McWhopper Lessons on Social Media

In honor of the International Day of Peace (since 1981) or Peace One Day (now), Burger King reached out to its rival in the Burger Wars, McDonald’s, with a friendly suggestion. On September 21st, Burger King said, the two companies should get together, create a pop-up store midway between their respective corporate offices and serve McWhoppers for free to peaceniks who would pledge to “settle a beef” with someone.

Burger King created a nice  McWhopper website with plenty of animations, video, and CTAs. They offered a possible blueprint for the McWhopper and some design concepts for the packaging. It was a clever idea, a fun execution, and Burger King put it in print ads as well as online, so McDonald’s couldn’t miss it.

McDonald’s could have joined in and shared in the good feelings and free publicity, but instead they chose to send a snarky response. Why, they sneered, would they want to do something as small and petty as a free burger with a feel-good message, when they “could do something bigger”?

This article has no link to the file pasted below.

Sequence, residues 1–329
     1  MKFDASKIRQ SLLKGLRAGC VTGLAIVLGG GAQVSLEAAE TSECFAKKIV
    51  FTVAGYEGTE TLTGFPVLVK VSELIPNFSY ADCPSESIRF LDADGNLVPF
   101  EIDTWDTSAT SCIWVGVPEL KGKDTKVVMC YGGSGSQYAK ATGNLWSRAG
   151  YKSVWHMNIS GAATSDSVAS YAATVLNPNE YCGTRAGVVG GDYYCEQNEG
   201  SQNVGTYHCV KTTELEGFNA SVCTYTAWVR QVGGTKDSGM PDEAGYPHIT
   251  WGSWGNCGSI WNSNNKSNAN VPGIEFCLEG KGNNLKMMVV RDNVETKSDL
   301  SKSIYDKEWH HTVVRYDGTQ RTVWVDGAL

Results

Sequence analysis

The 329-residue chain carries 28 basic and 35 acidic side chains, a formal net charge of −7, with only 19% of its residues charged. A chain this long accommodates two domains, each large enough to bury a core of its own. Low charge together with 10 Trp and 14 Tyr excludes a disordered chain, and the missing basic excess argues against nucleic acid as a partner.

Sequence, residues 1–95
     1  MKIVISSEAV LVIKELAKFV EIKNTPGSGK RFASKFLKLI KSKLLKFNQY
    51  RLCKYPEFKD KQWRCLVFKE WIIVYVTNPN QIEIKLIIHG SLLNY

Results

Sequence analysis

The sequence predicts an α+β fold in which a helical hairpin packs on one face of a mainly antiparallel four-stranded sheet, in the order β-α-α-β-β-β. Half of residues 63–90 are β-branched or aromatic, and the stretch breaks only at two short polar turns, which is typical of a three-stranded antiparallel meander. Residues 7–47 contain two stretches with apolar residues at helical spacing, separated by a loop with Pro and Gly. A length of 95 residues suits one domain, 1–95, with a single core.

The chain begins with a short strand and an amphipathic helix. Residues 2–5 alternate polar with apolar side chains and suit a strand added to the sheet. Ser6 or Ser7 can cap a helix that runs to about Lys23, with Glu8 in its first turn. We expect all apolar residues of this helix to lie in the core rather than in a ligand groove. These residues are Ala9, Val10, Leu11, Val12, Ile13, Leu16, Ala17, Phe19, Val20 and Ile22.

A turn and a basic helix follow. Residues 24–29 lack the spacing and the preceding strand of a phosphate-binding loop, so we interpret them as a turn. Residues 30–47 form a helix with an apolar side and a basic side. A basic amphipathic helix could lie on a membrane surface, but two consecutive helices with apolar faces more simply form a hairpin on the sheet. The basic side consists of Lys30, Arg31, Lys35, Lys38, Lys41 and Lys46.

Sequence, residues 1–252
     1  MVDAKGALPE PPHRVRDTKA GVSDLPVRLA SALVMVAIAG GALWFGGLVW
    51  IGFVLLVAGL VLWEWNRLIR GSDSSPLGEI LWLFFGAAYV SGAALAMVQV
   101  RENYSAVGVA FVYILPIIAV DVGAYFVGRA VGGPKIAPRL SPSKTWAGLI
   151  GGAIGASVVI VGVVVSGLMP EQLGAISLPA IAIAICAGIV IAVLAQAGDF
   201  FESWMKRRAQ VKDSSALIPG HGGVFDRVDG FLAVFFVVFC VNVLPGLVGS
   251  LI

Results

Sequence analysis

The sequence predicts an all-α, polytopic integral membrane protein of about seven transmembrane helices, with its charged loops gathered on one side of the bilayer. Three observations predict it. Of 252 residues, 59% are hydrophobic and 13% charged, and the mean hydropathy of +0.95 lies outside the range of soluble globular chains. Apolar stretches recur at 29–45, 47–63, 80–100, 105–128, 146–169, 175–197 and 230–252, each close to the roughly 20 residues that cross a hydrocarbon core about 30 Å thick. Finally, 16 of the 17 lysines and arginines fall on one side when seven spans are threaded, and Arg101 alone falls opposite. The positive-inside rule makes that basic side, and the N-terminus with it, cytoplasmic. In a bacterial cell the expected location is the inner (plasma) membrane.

As of this writing, McDonald’s has not yet come up with a suggestion for the “meaningful global effort” they have in mind.

But they did go on to chastise Burger King for not being serious enough about the pain and suffering of war, and to say that “a simple phone call” would have been better than Burger King’s nicely designed publicity stunt.

Burger King is looking into an alternative sandwich. Coke is providing a theme song. Peace One Day will go on without McDonald’s. But McDonald’s is being lambasted for their ungracious behavior all over the web.

Lessons learned

This isn’t McDonald’s first social media screw-up. Remember #McDStories? We had a list of lessons to be learned from that episode, and here’s a list of lessons to learn from this one:

  • Don’t be a jerk on social media. McDonald’s posted their little “nyah nyah nyah” publicly on Facebook, where thousands of visitors have taken the opportunity to tell them what jerks they are. Maybe “a simple phone call” would have been better than their ill-considered post.
  • Respond when there’s a problem. McDonald’s responded with an apology to someone who complained about rudeness among Brazilian counter staff, but is ignoring the comments on their response to Burger King. Often, a thoughtful response at the beginning can turn this kind of situation around.
  • Start with a strategy. It’s pretty clear that the McDonald’s response did not begin with a calm discussion about what kind of effect the corporation wanted to achieve. If they had, they might have noticed that they’d be dissing the U.N.’s International Day of Peace and alienating consumers, neither of which was on their to-do list for the day.






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